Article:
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 2006-05-14, 14:35 #1 T.Rex     Feb 2004 France 2×461 Posts Conjecture about multiplicative order of 3 modulo a Mersenne prime In thread LLT DiGraph, maxal had the idea to compute (Mq-1)/order(3,Mq) for some values of q, and then I completed up to q=1279. Then it appears that we have the following conjecture, showing that 3 is a primitive root modulo Mq for a subset of the Mersenne primes. $\large \frac{M_q-1}{order(3,M_q)}=3^n \ \ \text{with} \ \ n=0,1,2 \$ Any idea to prove it or to compute more examples ? Tony Data: Code: q (Mq-1)/order(3,Mq) ----------------- 3 1 5 1 7 1 13 9 17 1 19 1 31 3 61 9 89 1 107 1 127 3 521 1 607 3 1279 3 PARI/gp program used (download Cunningham 2-table here): Code: \r cunn2.gp mo3(q) = { M=2^q-1; (M-1)/znorder(Mod(3,M)) }
 2006-05-14, 19:01 #2 akruppa     "Nancy" Aug 2002 Alexandria 2,467 Posts For all known prime factors q of M2203-1, 3 is not a q-th power (mod M2203). However, 2^1101+1 is not completely factored, a c217 remains. This would make a pretty attractive target for SNFS. Alex Code: ? M=2^2203-1; ? f=[2,3,7,2203,12479,19819,28627,79273,51791041,78138581882953,146264881313513,20837062885084633147,258977744356523549983,301311116540899114446723859201,883533090360873723903538281367,460233616861852066165180033789571,1636198597169607245088331633873083979,711718443060888357455104383759579899185453159253854240850359788937324328008225366876777905349283339583535597500393178373807851032788989008946432082299780350922963303,19755740081951910036006278827509875120092863638283602681]; ? for(i=1,length(f),print(Mod(3,M)^((M-1)/f[i])==Mod(1,M))) 0 0 0 0 0 0 0 0 0 0 0 0 0 0 0 0 0 0 0 Last fiddled with by akruppa on 2006-05-14 at 19:41
2006-05-15, 01:21   #3
R.D. Silverman

Nov 2003

22×5×373 Posts

Quote:
 Originally Posted by akruppa For all known prime factors q of M2203-1, 3 is not a q-th power (mod M2203). However, 2^1101+1 is not completely factored, a c217 remains. This would make a pretty attractive target for SNFS.
It is on my long range "todo" list. I am slowly doing all 2^n+1 n < 1200 for
n = 0 mod 3, as well as finishing 2,LM to 1500. I am about 50% done
with 2,1041+. 2,1426L and 2,1044+ will follow. I might get to 2,1101+
by the end of the year. If somone else wants to do it, go ahead.

2006-05-15, 01:29   #4
R.D. Silverman

Nov 2003

22×5×373 Posts

Quote:
 Originally Posted by T.Rex In thread LLT DiGraph, maxal had the idea to compute (Mq-1)/order(3,Mq) for some values of q, and then I completed up to q=1279. Then it appears that we have the following conjecture, showing that 3 is a primitive root modulo Mq for a subset of the Mersenne primes. $\large \frac{M_q-1}{order(3,M_q)}=3^n \ \ \text{with} \ \ n=0,1,2 \$ Any idea to prove it or to compute more examples ?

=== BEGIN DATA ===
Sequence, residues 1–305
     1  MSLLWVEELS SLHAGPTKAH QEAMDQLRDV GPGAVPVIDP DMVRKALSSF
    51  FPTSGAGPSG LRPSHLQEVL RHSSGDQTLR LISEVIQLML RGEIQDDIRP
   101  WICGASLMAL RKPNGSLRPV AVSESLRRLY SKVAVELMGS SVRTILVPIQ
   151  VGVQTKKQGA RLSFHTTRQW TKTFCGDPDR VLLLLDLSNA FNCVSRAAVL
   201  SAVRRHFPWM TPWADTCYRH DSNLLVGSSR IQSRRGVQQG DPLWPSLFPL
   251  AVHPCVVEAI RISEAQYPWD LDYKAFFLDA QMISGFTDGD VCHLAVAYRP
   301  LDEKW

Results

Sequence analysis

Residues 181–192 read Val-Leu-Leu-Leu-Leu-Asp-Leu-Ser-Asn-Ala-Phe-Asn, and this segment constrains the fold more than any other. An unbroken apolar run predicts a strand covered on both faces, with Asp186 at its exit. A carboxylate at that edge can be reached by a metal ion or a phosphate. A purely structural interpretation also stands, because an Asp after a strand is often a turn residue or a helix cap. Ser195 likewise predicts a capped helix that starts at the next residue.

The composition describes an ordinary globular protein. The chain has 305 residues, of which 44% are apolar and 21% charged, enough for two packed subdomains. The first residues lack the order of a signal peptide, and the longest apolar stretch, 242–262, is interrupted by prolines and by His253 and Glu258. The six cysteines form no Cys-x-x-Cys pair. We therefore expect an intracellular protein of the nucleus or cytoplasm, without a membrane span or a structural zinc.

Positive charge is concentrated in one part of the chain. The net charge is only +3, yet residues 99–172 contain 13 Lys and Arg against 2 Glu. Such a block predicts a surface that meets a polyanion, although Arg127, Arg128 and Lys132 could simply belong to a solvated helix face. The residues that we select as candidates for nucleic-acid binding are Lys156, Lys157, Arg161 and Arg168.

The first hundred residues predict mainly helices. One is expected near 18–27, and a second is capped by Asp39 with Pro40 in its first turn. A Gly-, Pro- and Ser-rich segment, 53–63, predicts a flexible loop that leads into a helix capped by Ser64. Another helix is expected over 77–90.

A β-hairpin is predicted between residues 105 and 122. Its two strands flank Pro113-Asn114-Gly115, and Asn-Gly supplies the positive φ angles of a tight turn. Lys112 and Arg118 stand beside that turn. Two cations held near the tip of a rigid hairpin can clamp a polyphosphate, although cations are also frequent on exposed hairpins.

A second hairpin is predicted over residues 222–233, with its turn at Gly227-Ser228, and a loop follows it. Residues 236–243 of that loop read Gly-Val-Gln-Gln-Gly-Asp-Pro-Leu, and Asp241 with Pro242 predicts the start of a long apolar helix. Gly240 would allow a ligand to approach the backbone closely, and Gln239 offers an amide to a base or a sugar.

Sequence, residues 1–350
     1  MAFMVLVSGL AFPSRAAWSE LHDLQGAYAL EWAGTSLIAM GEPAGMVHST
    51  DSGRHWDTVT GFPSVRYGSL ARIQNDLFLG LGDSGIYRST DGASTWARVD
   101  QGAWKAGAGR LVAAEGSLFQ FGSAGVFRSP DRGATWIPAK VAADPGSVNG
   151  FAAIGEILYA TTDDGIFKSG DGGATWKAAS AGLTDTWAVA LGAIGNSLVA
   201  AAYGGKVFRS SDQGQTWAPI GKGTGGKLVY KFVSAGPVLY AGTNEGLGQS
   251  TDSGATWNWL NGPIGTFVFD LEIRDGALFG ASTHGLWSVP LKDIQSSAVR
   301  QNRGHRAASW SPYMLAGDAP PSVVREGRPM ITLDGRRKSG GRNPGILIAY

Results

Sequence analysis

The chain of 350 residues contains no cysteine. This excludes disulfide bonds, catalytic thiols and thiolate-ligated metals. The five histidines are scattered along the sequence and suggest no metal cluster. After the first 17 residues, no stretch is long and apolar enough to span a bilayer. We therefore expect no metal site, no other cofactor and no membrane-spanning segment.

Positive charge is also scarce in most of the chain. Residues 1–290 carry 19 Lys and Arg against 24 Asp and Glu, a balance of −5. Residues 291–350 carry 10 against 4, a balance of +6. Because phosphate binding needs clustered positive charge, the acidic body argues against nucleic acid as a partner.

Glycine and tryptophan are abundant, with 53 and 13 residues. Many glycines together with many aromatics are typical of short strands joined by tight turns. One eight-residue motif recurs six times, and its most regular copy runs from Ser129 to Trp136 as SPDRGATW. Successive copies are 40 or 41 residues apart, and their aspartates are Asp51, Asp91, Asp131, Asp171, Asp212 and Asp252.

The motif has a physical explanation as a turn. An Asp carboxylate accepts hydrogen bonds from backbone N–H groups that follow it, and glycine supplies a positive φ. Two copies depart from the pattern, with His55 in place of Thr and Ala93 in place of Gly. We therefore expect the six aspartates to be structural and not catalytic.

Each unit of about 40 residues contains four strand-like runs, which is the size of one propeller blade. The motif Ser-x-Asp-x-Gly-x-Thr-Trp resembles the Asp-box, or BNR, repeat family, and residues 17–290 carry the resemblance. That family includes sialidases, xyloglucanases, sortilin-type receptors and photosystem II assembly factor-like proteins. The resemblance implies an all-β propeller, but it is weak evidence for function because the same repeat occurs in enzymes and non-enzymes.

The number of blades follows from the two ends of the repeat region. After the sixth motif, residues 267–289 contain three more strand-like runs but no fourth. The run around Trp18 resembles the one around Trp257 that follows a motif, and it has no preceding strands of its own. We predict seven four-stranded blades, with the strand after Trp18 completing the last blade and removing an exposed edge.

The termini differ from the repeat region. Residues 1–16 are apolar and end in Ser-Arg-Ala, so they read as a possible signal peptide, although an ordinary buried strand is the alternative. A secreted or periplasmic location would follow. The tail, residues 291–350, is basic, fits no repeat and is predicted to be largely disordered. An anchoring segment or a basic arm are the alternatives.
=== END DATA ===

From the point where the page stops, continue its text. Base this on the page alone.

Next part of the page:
Of course it is a primitive root for some *subset* of M_q. This is to
be expected. We expect 3 to be a quad residue 1/2 the time and a
non-residue 1/2 the time. We expect it to be a primitive root part of the
time when it is a non-residue.

Why should this be surprising?

 2006-05-15, 05:41 #5 akruppa     "Nancy" Aug 2002 Alexandria 2,467 Posts What was a bit surprising was that so far, 3 seemed to be never a q-th power for q≠3 and prime. However, that appears to be due to the small sample size we had: Code: ? M=2^3217-1; ? Mod(3,M)^((M-1)/13)==Mod(1,M) %8 = 1 so 3 is a 13-th power (mod M3217). Alex
2006-05-22, 17:39   #6
T.Rex

Feb 2004
France

2×461 Posts

Quote:
 Originally Posted by akruppa What was a bit surprising was that so far, 3 seemed to be never a q-th power for q≠3 and prime. However, that appears to be due to the small sample size we had.
I do not understand your reasoning.
(M-1)/znorder(Mod(3,M)) says: 3
and Mod(3,M)^((M-1)/3)==Mod(1,M) = 1
and Mod(3,M)^((M-1)/5)==Mod(1,M) = 1
and Mod(3,M)^((M-1)/7)==Mod(1,M) = 0
and Mod(3,M)^((M-1)/11)==Mod(1,M) = 1
and Mod(3,M)^((M-1)/13)==Mod(1,M) = 1

Can you explain ?

Tony

 2006-05-24, 20:13 #7 maxal     Feb 2005 111111002 Posts Essentially akruppa provided a counterexample to the original conjecture: 13 divides (M-1)/znorder(Mod(3,M)) for M=2^3217-1 meaning that (M-1)/znorder(Mod(3,M)) is not a power of 3 in this case.
 2006-05-24, 21:08 #8 akruppa     "Nancy" Aug 2002 Alexandria 2,467 Posts Tony, if a prime q does not divide N-1, then any residue (mod N) is a q-th power. In fact under this condition, exponentiation by q is an automorphism on Z/ZN. Now, 5, 11 and 13 do not divide 2^1279-2, so the Mod(3,M)^((M-1)/5) can be rewritten as, (Mod(3,M)^(M-1))^(1/5) == Mod(1,M)^(1/5) == Mod(1,M), hence Pari prints a result of "1" for the equality. If q does divide N-1, exponentiation by q is q-to-1 mapping and taking a q-th root produces q solutions, so in this case we can't rewrite the exponent as in the last paragraph. Alex Last fiddled with by akruppa on 2006-06-06 at 16:12 Reason: missing "-1"
2007-03-24, 15:42   #9
T.Rex

Feb 2004
France

2×461 Posts

Quote:
 Originally Posted by R.D. Silverman I might get to 2,1101+ by the end of the year.
Have you got to it ?
T.

Last fiddled with by T.Rex on 2007-03-24 at 15:47

2007-03-26, 17:35   #10
R.D. Silverman

Nov 2003

22·5·373 Posts

Quote:
 Originally Posted by T.Rex Have you got to it ? T.

For the time being, at least, I do not have the CPU resources.

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